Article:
Schwarzenegger Signs Prison Tobacco Ban Into Law
Gov. Arnold Schwarzenegger (R) on Monday signed into law a bill (AB 384) that will ban tobacco use among inmates, employees and visitors at state correctional facilities, the Sacramento Bee reports (Benson, Sacramento Bee, 9/28). The legislation, sponsored by Assembly member Tim Leslie (R-Tahoe City), will prohibit tobacco products from being sold in prison stores or sent to the state's 161,000 inmates. The ban also will apply to inmates at California Youth Authority facilities. Smoking already is prohibited in eight of the state's 32 prisons that serve as medical facilities or as reception centers for incoming prisoners.
The health care budget for inmates increased to $975 million this year from $566 million in 2000. Leslie said that the bill could save the state as much as $280 million annually in smoking-related medical costs (California Healthline, 8/25). Currently, about 50% of the state's prisoners smoke, according to Leslie. He added, "For those that don't (smoke), it seems quite unfair that they have to breathe other people's smoke."
Opponents of the measure said that although the state will save on health care costs under the new law, it will lose about $1 million in tobacco tax revenue and $370,000 in sales tax revenue from the loss of $5.4 million in annual tobacco sales at prison canteens. In addition, the Friends Committee on Legislation of California said that in the three prisons where tobacco use already is banned -- Wasco State Prison, the California Men's Colony and the California Medical Facility -- it is becoming the "No. 1 contraband item" because it can be purchased at low cost outside prisons and resold several times inside the facilities. The committee also has objected to the law because it does not offer inmates assistance to transition from smoking with the help of nicotine patches and gum.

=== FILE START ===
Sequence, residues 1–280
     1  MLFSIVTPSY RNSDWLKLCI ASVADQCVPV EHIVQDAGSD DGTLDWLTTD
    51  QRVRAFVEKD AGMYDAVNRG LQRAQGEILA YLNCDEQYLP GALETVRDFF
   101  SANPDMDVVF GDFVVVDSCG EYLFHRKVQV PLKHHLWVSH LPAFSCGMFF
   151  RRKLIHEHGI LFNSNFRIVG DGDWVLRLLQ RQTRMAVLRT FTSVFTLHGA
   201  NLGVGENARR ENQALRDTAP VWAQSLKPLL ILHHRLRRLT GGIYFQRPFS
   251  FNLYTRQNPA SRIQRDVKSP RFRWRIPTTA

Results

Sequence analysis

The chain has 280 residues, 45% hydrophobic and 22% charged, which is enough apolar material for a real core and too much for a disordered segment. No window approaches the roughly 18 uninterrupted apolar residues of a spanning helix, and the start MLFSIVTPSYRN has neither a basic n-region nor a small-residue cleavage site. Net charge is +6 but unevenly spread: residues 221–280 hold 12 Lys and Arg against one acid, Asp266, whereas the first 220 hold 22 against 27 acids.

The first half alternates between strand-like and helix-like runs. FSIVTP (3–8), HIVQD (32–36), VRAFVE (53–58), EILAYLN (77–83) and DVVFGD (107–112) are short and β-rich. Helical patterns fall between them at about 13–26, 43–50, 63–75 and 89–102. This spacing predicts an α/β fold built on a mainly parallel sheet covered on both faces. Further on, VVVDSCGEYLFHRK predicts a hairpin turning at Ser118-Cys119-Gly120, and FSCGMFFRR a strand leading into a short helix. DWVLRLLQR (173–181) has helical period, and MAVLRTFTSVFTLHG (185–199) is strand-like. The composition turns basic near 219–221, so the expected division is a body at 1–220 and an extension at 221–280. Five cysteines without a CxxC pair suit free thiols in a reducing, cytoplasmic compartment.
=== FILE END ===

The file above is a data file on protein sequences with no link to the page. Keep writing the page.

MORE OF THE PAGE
The law will take effect in July 2005 (Sacramento Bee, 9/28). With the implementation of the law, California will become the 18th state to ban tobacco use in all prisons (California Healthline, 8/25).